• Waterfalls galore – If you want to visit waterfalls, Mount Rainier provides you with plenty of options without the usual hikes. Choose from Christine Falls, Narada Falls, Myrtle Falls, Comet Falls, Spray Falls, and Carter+Madcap Falls, among others.
  • Hiking and skiing for all skill levels – Mount Rainer is home to many trails, some of which can cater to beginners while others (like the Pinnacle Peak) is best for advanced hikers. There are excellent skiing and winter-sport activities to be had here too!
  • Sunrise and sunsets – If you’re able to spend the night here, wake up early to witness a one-of-a-kind sunrise no matter where you are at the park.

Extend your trip and make sure you go visit Cape Flattery for some spectacular coastal landscapes.

7. Gates of the Arctic National Park

Gates of the Arctic

Absolutely don’t miss: Take pictures. The fact that you’re here, and you visited this 8.4-million-acre, untouched Alaskan beauty means you’re brave enough to venture out without roads, park facilities, or cell towers.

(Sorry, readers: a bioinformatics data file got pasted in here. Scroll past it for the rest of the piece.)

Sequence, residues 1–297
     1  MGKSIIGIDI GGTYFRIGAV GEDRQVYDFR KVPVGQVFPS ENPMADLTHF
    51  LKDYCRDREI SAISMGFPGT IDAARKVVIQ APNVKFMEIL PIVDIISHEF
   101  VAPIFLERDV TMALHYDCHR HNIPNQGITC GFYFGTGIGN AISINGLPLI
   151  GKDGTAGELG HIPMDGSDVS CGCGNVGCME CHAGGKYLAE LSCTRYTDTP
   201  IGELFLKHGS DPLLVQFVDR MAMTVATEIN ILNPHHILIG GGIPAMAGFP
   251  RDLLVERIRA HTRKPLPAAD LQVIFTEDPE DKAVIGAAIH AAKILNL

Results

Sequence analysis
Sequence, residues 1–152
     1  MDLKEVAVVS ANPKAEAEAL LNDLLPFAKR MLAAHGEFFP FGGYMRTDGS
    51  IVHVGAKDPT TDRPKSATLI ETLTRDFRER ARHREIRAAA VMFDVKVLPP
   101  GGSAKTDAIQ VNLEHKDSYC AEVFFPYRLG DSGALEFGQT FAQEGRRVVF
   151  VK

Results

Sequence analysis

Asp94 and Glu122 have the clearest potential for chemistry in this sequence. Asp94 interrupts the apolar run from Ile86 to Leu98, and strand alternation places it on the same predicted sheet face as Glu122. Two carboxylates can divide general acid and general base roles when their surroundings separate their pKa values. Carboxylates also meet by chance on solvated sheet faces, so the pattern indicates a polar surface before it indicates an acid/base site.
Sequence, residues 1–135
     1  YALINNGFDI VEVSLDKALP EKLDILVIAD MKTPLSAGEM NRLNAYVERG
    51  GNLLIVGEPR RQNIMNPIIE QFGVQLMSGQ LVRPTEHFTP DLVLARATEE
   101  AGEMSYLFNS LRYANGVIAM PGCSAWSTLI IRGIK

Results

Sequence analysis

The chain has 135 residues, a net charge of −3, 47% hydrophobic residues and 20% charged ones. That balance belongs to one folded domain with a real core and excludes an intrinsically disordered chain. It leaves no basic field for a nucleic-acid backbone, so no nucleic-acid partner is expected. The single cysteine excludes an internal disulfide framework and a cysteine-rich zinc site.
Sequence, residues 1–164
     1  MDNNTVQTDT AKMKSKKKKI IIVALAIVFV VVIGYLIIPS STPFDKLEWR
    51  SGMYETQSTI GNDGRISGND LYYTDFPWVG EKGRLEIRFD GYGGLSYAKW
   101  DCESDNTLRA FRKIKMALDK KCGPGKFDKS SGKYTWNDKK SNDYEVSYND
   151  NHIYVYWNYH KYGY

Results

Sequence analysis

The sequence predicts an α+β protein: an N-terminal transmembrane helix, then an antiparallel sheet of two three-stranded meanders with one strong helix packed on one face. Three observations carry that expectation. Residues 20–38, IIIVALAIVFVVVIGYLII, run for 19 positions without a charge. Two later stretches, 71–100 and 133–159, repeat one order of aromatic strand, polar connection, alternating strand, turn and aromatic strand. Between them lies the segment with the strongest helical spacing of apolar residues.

Not everyone can visit, so take as many pictures as you can and share them to the world.

This may be one of the least-visited West Coast national parks, but only because the Gates of the Arctic National Park is super remote.

It’s above the Arctic Circle and receives only about 25 visitors a day on average (that’s less than 10k visitors a year!)

Tours are available (even if they’re mostly from private guides), and once you arrive at the visitor center, they’ll warn you that you’re responsible for your own safety.

And because wolves, grizzlies, Arctic foxes, and other wild animals call the Gates of the Arctic National Park their home, you have to be a serious hiker, backpacker, survivalist who loves fishing, hunting, climbing, and possibly some running-for-your-lives activities too.